Heard of “IMO 2020”? Don’t worry if not, you aren’t alone.
Basically, major new global shipping regulations are coming into force from January 1, 2020 to reduce emissions, affecting not just global fuel oil and shipping markets but other major sectors, like road transportation. For the air travelers out there, fuel makes up around 20 per cent of some airline’s cost base, so any upward pressure can flow through to ticket prices.
On the ground, other potential flow-on effects include hastening the death of the diesel car and reshaping the economics of thermal power generation.
So if you haven’t heard of IMO 2020, it’s likely you may in the next 12 months.
Historically, large ships have used “bunker” oil, the heaviest commercial fuel obtained from crude oil that contains relatively high amounts of pollutants, particularly sulfur. It’s so viscous that it must be heated before use and requires large, robust engines to cope with the forces produced, thus making it impractical for smaller vehicles and boats. These undesirable properties make it very cheap. However, it has been estimated that a cruise liner belches out as much sulfur as 380 million cars. Responding to this, the International Maritime Organisation has locked in January 1st 2020 for major changes to limit the pollution ships emit.
Any solution – such as installing exhaust gas cleaning systems, or “scrubbers”, to remove sulphur from the emissions – requires considerable investment without knowing the financial benefits until after the new regulations have been implemented. A further complication is the risk of non-compliance from parts of the industry given most shipping takes place in international waters outside sovereign jurisdictions and the IMO does not have authority to enforce fines for non-compliance on shipping or fuel suppliers.
Thus, to date both refiners and ship-owners have been slow to invest.
For example, even after a recent surge in retro fitting of scrubbers, it is estimated that some 510 large ships out of a global fleet of around 55,000 will have scrubbers by January 1, 2020. Other solutions to meet IMO’s new rules include the refining industry producing lower sulphur bunker oil or ship-owners switching to alternative low sulphur fuels, such as LNG or marine gasoil, and blending this with bunker oil.
Given restraints on LNG usage, it’s likely shipowners will switch to gasoil to meet the new specifications. However, this would affect gasoil (diesel) prices via a significant lift in demand and have a knock-on effect to other fuel oil products, such as jet fuel (or kerosene).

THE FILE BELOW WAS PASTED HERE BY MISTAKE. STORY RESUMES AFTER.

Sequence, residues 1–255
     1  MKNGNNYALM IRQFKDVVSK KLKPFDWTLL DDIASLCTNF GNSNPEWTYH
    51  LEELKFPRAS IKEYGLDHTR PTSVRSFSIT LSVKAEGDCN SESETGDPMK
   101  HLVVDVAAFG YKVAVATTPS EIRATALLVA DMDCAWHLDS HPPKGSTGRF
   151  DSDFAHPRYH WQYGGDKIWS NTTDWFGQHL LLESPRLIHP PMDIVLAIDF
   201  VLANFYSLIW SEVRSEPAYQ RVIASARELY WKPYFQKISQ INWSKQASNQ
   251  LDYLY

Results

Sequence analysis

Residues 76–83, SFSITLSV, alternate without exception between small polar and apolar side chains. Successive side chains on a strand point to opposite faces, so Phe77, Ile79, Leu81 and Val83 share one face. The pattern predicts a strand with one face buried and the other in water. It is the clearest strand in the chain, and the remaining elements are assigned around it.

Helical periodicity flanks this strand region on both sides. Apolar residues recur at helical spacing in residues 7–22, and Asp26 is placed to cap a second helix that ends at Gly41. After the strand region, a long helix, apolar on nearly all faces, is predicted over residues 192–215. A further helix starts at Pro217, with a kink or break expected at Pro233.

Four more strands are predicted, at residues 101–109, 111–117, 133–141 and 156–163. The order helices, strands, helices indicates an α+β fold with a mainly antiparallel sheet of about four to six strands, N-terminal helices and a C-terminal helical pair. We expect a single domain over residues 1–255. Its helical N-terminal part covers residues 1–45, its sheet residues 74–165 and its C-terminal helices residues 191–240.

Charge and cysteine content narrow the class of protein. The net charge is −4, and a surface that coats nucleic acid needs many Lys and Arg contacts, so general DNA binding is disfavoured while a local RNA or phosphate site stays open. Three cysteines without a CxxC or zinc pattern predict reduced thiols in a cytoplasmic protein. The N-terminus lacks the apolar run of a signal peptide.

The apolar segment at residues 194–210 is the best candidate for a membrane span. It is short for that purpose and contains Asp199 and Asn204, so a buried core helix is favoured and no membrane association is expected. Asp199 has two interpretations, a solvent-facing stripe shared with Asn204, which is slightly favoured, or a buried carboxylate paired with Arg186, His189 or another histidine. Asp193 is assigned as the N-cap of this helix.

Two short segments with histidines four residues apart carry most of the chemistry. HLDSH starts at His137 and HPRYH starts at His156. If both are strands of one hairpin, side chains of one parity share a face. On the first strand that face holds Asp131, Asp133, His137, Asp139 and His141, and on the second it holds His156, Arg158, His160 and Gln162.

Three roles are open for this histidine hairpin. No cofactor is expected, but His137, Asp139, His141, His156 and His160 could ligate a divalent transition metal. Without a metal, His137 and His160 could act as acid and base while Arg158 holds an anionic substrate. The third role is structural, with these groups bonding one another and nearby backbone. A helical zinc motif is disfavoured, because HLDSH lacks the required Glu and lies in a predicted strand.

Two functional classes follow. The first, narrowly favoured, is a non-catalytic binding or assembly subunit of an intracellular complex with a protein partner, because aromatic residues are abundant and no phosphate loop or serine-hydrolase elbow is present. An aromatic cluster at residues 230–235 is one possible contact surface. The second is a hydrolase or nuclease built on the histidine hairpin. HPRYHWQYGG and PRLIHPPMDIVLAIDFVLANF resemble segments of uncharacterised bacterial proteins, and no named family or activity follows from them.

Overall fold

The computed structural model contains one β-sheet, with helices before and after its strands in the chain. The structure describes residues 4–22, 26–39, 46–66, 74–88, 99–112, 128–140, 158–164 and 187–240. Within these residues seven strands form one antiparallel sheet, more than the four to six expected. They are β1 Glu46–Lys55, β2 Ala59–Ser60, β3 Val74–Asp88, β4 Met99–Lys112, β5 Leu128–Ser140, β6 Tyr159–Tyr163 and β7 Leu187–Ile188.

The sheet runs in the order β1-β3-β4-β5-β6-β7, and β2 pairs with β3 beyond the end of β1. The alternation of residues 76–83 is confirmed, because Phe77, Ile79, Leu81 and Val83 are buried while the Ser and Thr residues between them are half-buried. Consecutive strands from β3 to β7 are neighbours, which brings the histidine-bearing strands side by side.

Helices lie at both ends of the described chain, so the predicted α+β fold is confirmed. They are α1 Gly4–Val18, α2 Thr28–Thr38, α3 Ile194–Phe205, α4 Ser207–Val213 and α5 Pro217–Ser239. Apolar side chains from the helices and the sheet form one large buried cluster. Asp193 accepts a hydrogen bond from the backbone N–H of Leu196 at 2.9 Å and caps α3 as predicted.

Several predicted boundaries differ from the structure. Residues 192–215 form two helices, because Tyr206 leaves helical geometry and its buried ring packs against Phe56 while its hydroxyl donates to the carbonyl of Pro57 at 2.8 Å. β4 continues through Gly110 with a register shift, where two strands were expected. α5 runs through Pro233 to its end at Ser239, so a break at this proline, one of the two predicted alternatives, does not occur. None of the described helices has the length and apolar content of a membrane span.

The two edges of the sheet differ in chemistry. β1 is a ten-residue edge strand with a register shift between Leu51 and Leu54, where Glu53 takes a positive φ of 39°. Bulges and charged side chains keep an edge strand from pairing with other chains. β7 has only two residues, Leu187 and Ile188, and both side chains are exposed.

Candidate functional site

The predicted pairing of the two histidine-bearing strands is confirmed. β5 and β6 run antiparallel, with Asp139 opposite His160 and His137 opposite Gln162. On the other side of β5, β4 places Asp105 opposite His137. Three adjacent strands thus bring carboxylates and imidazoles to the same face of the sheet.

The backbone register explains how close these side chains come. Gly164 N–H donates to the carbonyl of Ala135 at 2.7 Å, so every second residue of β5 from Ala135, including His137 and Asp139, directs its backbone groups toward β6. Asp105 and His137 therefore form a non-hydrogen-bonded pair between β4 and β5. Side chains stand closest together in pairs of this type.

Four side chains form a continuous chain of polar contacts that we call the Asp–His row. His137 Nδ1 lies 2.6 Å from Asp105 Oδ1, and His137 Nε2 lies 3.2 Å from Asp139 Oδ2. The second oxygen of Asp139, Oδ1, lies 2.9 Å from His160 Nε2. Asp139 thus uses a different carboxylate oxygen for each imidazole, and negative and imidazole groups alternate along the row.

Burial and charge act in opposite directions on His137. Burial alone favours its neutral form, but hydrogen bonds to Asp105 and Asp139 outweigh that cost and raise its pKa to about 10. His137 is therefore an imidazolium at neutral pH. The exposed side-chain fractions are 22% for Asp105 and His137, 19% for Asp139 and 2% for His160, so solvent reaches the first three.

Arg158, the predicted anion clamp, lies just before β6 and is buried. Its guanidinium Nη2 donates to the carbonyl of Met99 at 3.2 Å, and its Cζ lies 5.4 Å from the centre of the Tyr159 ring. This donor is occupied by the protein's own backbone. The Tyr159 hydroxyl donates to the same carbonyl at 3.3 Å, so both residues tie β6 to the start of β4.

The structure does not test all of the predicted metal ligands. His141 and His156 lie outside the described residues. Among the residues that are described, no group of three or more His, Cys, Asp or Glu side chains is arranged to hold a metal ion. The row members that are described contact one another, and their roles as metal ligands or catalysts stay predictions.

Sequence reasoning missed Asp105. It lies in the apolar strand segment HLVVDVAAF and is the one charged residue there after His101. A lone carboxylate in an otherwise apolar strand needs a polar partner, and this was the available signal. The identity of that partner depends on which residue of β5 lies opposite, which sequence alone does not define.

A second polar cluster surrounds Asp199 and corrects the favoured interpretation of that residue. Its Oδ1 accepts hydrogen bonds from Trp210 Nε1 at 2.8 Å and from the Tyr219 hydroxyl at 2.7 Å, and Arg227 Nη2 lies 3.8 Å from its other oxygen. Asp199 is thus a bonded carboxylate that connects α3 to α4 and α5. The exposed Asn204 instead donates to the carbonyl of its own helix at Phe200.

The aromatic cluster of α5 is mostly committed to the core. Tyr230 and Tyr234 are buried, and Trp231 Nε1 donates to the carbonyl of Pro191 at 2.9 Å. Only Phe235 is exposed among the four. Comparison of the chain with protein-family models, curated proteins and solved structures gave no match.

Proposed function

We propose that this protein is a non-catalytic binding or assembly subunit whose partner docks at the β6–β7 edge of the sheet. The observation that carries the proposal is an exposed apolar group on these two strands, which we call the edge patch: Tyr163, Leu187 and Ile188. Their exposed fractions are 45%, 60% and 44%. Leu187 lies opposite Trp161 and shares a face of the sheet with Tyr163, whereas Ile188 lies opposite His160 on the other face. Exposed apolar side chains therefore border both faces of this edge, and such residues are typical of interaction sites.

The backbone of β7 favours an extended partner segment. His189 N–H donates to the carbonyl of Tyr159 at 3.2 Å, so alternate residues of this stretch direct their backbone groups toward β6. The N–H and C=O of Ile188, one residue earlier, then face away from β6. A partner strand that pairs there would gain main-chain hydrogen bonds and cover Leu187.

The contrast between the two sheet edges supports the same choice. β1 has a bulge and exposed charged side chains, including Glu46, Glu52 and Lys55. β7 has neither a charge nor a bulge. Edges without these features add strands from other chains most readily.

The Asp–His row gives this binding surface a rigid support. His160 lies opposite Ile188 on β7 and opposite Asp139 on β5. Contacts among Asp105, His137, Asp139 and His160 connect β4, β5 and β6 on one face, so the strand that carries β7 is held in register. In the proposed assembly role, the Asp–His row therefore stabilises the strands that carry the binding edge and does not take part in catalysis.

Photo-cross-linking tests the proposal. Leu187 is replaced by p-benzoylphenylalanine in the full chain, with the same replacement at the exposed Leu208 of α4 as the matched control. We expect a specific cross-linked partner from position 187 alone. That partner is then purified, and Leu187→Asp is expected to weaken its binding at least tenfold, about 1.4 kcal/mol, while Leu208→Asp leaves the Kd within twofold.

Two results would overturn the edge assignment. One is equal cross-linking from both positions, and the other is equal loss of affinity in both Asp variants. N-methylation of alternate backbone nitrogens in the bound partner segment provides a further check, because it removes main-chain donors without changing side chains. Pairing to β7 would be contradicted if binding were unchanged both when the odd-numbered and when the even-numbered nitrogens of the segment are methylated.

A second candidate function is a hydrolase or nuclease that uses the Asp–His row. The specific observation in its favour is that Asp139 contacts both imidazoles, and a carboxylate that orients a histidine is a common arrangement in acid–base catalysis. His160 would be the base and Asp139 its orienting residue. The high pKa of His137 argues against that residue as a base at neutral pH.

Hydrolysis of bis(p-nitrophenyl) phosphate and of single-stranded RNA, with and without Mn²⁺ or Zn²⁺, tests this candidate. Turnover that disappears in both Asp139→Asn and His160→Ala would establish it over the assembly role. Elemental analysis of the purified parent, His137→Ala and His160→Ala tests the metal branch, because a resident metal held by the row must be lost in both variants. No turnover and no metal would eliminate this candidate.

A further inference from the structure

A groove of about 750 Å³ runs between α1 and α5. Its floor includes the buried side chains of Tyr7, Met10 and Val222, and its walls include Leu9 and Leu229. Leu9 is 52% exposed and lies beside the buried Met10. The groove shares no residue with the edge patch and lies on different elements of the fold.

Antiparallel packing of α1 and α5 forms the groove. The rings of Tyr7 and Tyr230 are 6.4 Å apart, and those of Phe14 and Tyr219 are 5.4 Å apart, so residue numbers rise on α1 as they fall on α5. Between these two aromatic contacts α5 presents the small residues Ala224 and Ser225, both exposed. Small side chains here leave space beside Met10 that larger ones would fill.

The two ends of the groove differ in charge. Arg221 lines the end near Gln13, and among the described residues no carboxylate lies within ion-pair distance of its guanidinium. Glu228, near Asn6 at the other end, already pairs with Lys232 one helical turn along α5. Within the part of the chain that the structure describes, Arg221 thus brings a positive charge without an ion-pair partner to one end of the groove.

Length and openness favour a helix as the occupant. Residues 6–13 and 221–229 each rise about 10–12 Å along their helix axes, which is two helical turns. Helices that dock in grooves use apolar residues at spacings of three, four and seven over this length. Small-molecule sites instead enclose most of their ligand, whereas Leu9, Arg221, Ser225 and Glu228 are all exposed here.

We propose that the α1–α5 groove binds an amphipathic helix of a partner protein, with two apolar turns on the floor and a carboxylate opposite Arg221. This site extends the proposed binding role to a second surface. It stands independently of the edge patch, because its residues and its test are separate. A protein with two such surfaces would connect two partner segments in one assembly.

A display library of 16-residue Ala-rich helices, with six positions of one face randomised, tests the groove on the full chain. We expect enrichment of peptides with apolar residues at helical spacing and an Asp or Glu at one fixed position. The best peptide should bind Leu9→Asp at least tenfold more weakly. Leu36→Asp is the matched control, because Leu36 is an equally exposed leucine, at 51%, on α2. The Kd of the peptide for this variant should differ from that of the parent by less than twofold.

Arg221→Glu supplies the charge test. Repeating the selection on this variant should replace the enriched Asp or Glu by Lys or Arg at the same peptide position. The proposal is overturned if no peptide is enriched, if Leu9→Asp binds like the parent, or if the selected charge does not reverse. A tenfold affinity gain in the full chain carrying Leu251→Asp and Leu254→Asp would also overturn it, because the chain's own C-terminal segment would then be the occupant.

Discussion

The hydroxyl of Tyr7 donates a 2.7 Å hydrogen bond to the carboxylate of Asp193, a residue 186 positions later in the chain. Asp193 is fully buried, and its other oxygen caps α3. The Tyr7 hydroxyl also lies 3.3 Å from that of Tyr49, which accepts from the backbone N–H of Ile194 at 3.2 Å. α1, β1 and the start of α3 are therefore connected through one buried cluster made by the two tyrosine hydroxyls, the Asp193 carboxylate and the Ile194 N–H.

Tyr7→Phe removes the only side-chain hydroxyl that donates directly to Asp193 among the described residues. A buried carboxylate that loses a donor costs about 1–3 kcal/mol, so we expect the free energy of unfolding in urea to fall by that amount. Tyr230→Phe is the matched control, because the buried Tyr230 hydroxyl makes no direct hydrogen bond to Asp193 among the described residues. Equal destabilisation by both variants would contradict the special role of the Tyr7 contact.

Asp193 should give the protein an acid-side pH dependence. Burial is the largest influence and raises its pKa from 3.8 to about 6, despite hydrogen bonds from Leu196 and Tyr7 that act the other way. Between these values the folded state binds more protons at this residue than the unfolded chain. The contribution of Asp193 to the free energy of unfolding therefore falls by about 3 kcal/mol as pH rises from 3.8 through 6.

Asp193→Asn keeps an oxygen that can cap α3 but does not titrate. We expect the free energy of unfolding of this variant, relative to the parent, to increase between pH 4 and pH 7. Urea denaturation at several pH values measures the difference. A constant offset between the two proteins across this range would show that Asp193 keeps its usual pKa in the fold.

For diesel cars, IMO 2020 may be a further nail in the coffin. While diesel had long been the fuel of choice in Europe, recent shift in consumer preferences due to pollution, the VW emissions/fuel efficiency scandal, increasingly punitive taxes and higher price compared to gasoline have weighed on demand. Along with the likely release of electric vehicle models from major manufacturers, the outlook is increasingly bleak.
IMO 2020 will also have an impact on the aviation industry. Put simply, if gasoil prices rise and encourage the diversion of more crude to the production of gasoil, jet fuel prices will also increase as a shortage appears in the market. That has ramifications for travellers and the movement of goods around the world by air freight.
Indeed, the whole supply chain may be impacted as commercial logistics providers have fewer alternatives, transferring the higher cost across all goods that require a shipping and/or heavy trucking element to distribution networks.
In terms of broader impacts, a rise in a broad range of transport fuels, regardless of the price of underlying crude oil, may cause a surprise bump in global inflation this year. Greater consumption of high sulphur fuel oil by power generators, as ships reduce their usage, could also reduce demand for coal, a market already under pressure amid the global push to reduce carbon emissions.
Although IMO 2020 may be little known, it’s just another larger structural force that by the end of the decade could result in the transport industry looking vastly different to what it does today.
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